On Monday 23rd March 2015 Mind the Gap hosted a conference about international learning disability performance. Trish Wheatley was asked to speak on the panel about critiquing learning disability performance – the ‘Quality’ debate. The extended version is published here.
I was thinking about an instance a few years back in which Firebird Theatre Company performed at Salisbury Arts Centre as part of the arts centre’s main theatre programme. The production wasn’t overtly advertised as a show with learning disabled actors. As a result the Arts Centre received a complaint from someone who claimed she should have been warned that the performance featured learning disabled actors. There were no other complaints about the cast or quality of the performance.
Whilst we could argue the positives and negatives of that marketing all day, I think it’s interesting and useful to observe that there are people in the world, who do attend theatre, who do think in this way. We have to ask the question, do we want them to be our audience, and more broadly, who are we making the work for?
In his book Strength (2006) Paddy Masefield described disability arts as ‘Art by disabled for disabled people that speaks the truth about the disability experience’. I think many practitioners no longer subscribe to this definition because of the limitations it brings to the consideration of audience. This leads me to ask again, who are we making the work for?
Surely we want the world to see our work? We don’t want to be limiting it to a small community of people, even though yes it will pretty much always remain relevant to that community of disabled people. In that case, it seems to me that quality or value must be pitched against mainstream work if we are essentially aiming to attract a mainstream audience.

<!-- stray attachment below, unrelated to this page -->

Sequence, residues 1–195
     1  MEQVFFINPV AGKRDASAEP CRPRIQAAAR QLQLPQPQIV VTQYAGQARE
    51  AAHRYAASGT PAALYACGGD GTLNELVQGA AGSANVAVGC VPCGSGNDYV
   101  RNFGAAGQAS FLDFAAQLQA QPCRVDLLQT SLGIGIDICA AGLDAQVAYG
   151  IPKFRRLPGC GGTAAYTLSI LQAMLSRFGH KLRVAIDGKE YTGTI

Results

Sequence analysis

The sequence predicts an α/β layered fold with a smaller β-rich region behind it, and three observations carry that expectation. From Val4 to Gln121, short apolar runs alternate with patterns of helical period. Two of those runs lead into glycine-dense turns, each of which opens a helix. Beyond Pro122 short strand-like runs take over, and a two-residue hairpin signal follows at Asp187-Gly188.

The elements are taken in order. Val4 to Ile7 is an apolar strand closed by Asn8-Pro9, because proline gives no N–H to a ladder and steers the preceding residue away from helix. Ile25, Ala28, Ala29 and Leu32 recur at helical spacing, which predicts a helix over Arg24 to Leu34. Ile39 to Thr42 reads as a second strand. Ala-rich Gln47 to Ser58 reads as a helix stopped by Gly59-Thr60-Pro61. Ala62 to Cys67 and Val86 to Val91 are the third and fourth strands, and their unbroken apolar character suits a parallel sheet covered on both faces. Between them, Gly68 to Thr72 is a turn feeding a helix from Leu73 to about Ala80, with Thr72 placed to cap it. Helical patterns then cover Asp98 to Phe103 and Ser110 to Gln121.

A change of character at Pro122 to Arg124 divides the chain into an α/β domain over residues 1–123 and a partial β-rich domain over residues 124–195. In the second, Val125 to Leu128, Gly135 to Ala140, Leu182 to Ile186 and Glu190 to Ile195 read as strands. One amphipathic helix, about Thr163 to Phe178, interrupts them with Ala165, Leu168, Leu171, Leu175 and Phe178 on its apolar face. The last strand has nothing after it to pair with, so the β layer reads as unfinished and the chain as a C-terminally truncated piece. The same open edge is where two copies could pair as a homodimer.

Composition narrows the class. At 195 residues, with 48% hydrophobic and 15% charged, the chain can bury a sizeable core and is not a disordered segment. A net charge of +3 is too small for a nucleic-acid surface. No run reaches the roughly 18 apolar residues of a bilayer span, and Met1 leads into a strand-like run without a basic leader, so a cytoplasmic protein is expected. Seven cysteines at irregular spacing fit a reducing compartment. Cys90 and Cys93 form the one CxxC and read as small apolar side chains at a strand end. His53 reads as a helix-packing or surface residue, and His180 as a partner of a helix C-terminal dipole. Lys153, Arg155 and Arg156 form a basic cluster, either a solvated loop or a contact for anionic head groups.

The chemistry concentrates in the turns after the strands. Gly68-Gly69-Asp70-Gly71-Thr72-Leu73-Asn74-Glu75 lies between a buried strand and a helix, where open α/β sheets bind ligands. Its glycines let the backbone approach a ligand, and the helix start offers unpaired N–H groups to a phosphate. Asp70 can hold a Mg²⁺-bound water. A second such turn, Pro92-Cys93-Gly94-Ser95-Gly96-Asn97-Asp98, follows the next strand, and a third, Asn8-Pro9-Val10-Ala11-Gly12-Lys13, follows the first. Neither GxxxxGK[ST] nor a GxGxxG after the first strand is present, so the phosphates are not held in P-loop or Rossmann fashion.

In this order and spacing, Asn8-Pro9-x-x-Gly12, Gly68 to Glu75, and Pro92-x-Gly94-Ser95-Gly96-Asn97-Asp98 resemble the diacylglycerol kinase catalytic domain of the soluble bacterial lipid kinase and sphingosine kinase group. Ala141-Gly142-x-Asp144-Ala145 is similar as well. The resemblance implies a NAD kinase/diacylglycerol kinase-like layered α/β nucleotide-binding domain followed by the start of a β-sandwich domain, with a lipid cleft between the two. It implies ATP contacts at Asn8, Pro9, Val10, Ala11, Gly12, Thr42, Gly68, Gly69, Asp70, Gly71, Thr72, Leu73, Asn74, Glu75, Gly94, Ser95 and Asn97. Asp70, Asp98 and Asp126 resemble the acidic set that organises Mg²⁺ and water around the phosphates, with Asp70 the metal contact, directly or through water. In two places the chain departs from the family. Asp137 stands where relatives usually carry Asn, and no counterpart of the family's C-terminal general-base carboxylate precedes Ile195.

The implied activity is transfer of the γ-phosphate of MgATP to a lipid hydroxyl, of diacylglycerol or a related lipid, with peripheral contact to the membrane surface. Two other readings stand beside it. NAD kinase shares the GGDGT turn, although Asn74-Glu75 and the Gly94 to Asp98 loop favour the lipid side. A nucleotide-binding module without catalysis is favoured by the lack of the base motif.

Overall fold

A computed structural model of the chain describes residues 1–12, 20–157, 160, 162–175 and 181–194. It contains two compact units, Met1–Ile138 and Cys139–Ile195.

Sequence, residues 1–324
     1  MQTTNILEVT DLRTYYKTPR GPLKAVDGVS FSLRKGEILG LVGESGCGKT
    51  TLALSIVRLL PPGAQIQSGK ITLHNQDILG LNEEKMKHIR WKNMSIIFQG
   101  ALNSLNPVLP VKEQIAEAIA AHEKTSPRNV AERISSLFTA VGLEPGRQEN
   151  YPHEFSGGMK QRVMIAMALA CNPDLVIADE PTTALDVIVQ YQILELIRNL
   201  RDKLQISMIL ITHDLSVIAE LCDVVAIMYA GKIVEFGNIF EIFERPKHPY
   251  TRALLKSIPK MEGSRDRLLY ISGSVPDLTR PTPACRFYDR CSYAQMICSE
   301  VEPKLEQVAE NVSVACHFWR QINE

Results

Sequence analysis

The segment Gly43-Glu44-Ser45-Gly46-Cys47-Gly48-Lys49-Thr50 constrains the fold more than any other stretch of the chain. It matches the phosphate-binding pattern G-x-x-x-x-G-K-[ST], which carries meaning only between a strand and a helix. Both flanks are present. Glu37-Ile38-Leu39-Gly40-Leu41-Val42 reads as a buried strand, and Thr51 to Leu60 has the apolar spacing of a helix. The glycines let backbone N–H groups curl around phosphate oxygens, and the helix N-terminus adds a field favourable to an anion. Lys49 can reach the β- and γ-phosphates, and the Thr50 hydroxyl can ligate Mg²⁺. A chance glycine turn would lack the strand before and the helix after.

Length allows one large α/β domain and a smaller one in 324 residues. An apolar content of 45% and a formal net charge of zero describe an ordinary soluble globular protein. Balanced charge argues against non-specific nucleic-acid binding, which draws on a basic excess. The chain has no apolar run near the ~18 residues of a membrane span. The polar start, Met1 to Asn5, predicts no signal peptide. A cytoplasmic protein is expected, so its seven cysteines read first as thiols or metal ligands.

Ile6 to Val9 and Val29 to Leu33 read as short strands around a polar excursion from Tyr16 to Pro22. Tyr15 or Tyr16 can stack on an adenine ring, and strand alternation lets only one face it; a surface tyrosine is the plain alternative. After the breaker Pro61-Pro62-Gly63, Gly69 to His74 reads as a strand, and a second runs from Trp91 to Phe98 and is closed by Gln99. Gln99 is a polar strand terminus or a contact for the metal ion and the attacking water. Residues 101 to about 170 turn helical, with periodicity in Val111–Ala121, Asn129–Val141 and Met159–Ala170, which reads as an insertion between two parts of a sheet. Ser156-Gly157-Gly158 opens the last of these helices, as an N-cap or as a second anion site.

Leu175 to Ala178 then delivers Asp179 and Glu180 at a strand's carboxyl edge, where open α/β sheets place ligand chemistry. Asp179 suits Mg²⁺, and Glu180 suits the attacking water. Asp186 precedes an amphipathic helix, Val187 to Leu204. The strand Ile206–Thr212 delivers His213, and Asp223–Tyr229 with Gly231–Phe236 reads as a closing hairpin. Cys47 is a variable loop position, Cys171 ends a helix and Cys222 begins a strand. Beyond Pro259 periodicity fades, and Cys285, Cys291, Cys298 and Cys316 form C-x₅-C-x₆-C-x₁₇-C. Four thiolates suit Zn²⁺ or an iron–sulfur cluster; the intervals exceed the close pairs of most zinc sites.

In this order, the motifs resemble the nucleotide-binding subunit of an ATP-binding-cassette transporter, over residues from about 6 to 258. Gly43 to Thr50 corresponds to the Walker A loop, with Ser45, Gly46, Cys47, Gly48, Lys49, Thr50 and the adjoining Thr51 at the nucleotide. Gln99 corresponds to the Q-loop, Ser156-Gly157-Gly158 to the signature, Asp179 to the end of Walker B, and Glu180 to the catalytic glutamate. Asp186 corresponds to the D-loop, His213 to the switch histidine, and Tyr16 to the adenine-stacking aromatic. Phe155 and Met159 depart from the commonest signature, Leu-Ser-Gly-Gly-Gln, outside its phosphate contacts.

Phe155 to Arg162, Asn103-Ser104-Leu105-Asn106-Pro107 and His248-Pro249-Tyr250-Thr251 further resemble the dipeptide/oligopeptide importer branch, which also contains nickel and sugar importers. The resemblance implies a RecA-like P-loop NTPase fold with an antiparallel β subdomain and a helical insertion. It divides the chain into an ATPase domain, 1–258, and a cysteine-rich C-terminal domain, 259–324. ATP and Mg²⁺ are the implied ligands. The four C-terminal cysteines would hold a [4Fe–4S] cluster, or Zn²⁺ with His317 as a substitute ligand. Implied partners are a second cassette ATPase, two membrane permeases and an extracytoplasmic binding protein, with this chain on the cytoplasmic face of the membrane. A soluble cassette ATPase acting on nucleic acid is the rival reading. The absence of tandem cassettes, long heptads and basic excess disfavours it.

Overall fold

Outside of my work for disability arts online I am working with Sue Austin on a Digital R&D Fund for the Arts project called 360 Degrees – A New Angle on Access, which explores 360° recording and display technology.
As part of attending related learning events, we’ve had the pleasure of finding out about some of the other funded projects. When thinking about this event I was reminded of Culture Counts, a project led by Cornerhouse, in partnership with the University of Manchester and the Intelligence Agency. They have been working on a project that explores big data and what it means for assessing quality of work. In partnership with the cultural sector they have come up with a set of standard questions to help assess and understand the quality of art.
Rigour – ‘It was well thought through and put together’
Distinctiveness – ‘It was different from things I’ve experienced before’
Captivation – ‘It was absorbing and held my attention’
Relevance – ‘It has something to say about the world in which we live’
Meaning – ‘It meant something to me personally’
Challenge – ‘It was thought provoking’
Enthusiasm – ‘I would come to something like this again’
Presentation – ‘It was well produced and presented’
Local Impact – ‘It is important that it’s happening here’
Culture Counts has identified the importance of looking at quality from a number of different perspectives:
1. The artists making the work and the cultural organisations programming it
2. Peers and Critics
3. The Audience
It’s the triangulation and comparison of those different perspectives where you start to get really interesting understanding of quality.
At Dao we have an approach involving all of those groups.
1. By providing the opportunity for artists to write blogs about their ongoing work and development process a critical self-reflection occurs that enables the artists to develop their work as it is being made. Critical friends and colleagues are also invited to feedback to help the artists think about their work in different ways and make improvements
2. In the lead up to new performances we commission profiles and interview pieces to help give further insight into how the work was made and why these artists are making it.
3. We then commission reviews of the performances from informed writers, people who know about the context in which it has been made.
4. Finally, we also provide opportunities for audience feedback through our comments forums and social media